Wednesday, March 23, 2016

Two Deaths

I am getting old enough that I (perhaps a little prematurely) pay attention to who dies and am surprised at some of them.

Today brought two: Ken Howard and Joe Garagiola. 

I have to admit I was very surprised to hear about both. 

I mean, just a month ago I was listening to Joe Garagiola and Tony Kubek call Saturday afternoon baseball games on our black-and-white television in the living room of the house I grew up in, the house with a coal furnace and well water and a little bathroom my dad carved out underneath the stairs.

It was an older wooden house that my grandparents owned and my mom and dad were -- and I'm not even sure about this -- paying rent on. I incessently threw a rubber ball against the side of that house. I don't know how my mother put up with it for all those years, the thump thump thump until  evening, but she did and I only broke the kitchen window twice before they bought me a pitchback.

I knew of Kubek because he took a ground ball to the throat in the famous 7th game of the 1960 World Series, the Pirates versus the Yankees, the game that Bill Mazeroski won and that somehow my grandfather and father got tickets to. That was the kind of thing my grandfather did.

I kept score on a little pad I kept near the clothesline post in the middle of the yard, some other team always against the Pirates. Willie Stargell played for the Pirates then, still in the outfield, and Al Oliver, and Matty Alou and little Freddie Patek. And of course Roberto Clemente played out in right field -- Clemente, can you imagine him in your boyhood, throwing out runners at third base with arrows from right field, shockingly dying in a plane crash on a rescue mission to Nicaragua just a couple of months after he was granted his 3000th hit in his last regular season game. 3000 hits and then taken away. Observe that and try to tell me are no Gods who watch over our fates.

Clemente was buried at sea.

Even with Roberto Clemente in right field, my hero was Manny Sanguillen, the Pirates catcher. Sanguillen had this very cool way of catching while sitting on his haunches, like at the right, when there were no runners on base. Lord knows how he could sit like that. He was #35. I picked that when I started playing football. My dad bought me a catcher's mitt, but I never did play catcher, except in the yard bouncing a ball off the house.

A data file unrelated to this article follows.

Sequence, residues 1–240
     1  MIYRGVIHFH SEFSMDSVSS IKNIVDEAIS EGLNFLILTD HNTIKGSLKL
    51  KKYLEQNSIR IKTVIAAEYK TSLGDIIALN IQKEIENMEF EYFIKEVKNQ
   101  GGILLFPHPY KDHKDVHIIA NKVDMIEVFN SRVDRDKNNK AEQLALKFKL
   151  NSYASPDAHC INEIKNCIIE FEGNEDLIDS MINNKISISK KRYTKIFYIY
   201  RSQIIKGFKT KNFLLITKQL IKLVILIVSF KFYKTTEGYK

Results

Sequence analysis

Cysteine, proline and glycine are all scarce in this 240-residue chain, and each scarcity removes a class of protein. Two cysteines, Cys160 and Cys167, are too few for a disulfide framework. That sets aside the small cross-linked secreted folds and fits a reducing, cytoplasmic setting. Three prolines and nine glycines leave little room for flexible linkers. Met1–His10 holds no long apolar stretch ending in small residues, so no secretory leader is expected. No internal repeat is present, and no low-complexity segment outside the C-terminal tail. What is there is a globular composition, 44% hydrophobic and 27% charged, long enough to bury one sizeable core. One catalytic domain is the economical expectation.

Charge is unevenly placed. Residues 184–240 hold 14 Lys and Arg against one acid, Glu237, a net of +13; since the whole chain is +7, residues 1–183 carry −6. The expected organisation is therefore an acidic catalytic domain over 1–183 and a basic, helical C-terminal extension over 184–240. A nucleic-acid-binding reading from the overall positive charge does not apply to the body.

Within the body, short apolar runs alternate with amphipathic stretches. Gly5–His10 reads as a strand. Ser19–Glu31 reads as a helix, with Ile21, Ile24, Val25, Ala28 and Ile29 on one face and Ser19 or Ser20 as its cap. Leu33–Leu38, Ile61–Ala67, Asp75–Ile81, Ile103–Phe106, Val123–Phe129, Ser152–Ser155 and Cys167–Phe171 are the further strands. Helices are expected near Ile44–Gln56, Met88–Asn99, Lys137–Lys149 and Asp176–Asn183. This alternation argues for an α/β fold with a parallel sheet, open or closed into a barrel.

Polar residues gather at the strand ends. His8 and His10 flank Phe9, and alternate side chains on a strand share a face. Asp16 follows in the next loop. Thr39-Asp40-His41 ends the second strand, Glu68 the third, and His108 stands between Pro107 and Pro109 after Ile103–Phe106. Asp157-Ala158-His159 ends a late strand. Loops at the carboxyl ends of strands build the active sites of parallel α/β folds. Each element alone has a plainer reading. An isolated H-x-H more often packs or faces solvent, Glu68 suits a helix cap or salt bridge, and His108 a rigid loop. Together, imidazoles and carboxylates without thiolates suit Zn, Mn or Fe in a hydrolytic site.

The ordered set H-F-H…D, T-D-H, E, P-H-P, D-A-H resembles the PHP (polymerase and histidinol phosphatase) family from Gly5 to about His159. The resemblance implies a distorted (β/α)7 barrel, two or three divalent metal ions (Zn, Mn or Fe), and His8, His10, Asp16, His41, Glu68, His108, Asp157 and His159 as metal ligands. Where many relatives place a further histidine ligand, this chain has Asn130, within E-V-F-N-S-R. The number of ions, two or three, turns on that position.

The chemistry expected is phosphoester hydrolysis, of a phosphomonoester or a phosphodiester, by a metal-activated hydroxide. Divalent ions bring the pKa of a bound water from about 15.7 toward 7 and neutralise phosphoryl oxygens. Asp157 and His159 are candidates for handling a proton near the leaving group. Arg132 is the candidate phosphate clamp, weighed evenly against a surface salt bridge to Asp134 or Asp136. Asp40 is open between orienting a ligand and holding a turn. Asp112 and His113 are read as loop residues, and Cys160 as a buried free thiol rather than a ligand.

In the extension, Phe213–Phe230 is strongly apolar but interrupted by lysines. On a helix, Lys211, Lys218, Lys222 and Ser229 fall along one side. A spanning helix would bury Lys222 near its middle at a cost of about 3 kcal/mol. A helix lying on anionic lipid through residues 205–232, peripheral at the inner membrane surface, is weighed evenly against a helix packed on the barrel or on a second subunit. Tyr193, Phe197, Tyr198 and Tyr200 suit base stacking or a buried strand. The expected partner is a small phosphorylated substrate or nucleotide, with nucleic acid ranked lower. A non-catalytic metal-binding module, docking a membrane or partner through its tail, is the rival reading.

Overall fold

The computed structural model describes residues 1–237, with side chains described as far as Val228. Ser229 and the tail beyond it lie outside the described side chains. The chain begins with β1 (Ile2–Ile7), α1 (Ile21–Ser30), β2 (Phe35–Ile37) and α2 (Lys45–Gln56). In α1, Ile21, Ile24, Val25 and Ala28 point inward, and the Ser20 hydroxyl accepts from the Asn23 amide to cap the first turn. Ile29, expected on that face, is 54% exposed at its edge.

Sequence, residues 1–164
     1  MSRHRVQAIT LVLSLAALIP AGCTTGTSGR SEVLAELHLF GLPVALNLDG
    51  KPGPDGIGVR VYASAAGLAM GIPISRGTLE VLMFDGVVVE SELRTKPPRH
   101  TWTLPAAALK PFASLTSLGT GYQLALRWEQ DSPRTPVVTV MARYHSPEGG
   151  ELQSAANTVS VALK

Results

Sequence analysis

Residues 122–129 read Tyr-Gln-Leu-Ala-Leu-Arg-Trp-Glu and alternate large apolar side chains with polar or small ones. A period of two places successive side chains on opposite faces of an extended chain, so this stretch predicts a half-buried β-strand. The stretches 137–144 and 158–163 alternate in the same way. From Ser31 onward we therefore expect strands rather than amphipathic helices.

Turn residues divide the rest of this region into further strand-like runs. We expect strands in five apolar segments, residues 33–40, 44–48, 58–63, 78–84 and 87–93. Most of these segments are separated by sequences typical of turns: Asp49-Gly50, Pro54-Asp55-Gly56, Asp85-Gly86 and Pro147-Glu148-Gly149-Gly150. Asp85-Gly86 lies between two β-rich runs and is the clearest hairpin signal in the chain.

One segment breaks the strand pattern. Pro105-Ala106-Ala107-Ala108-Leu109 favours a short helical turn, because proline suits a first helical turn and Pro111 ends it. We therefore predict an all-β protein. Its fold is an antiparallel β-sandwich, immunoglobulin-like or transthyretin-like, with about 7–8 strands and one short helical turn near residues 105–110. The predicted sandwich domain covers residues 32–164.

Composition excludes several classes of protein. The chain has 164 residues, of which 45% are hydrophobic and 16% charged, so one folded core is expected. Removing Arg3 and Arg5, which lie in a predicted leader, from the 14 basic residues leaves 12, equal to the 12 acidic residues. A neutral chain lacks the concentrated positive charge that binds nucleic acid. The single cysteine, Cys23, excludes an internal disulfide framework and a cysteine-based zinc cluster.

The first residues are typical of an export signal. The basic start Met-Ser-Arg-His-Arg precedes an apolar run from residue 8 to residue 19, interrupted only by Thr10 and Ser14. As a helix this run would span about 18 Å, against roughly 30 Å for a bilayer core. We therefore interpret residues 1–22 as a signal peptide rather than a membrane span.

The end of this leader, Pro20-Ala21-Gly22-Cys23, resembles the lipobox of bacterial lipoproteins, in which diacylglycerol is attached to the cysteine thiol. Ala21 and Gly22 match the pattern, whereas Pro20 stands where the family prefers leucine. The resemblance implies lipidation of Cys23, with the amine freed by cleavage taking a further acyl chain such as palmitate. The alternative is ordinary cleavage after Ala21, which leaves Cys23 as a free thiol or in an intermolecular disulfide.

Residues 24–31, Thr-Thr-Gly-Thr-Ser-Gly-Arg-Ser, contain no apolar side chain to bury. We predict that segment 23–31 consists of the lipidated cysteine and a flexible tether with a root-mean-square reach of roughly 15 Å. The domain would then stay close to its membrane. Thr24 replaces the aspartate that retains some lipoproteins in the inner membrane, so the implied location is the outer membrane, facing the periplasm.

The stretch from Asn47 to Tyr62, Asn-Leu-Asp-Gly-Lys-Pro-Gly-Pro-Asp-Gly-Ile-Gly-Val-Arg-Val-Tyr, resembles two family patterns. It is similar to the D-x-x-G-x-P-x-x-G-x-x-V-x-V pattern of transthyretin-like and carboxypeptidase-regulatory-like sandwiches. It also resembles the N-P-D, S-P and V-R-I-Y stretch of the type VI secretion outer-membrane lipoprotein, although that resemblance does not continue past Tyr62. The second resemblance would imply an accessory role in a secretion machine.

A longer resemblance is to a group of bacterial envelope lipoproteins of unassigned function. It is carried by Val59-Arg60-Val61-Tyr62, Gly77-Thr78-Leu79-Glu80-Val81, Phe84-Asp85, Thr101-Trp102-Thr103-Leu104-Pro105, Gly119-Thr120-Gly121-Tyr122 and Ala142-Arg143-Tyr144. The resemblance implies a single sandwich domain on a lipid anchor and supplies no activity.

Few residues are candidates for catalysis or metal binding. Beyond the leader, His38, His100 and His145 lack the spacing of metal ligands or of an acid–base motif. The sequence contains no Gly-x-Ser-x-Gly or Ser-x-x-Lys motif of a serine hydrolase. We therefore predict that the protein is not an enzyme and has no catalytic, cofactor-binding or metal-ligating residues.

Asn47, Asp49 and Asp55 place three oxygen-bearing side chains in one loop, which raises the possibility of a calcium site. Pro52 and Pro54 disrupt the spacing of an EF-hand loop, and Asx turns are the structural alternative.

Ken Howard wasn't an athlete, but if you grew up then you watched The White Shadow. There weren't a million channels on TV like there are now, and it one of the only things on when you got home from school. I remember him as far, far too young to have died yesterday, at only 71. He was big and could have been a galoot, but was always a little too smart for that, and a bit too big to fit comfortably into whereever the high school tried to shove him. But his character cared for all his players, through thick and thin, including Salami (who is now a big-time movie director, but if you listen to him talk still has some Salami in him), and Coolidge and the trouble-maker Vitaglia, and they still seem like the kids you were in school with two periods ago.

It's not possible either Joe Garagiola or Ken Howard died yesterday, so I don't know why I'm writing this. There will be time to write about them later, and even if they're not directly on television these days, and even if I don't even own a television anymore, I'm sure they'll still be there when I find the dial again and turn it to their channels. I mean, I can hear their voices clear as day. So don't tell me they've gone anywhere. I'm not fooled that easily.

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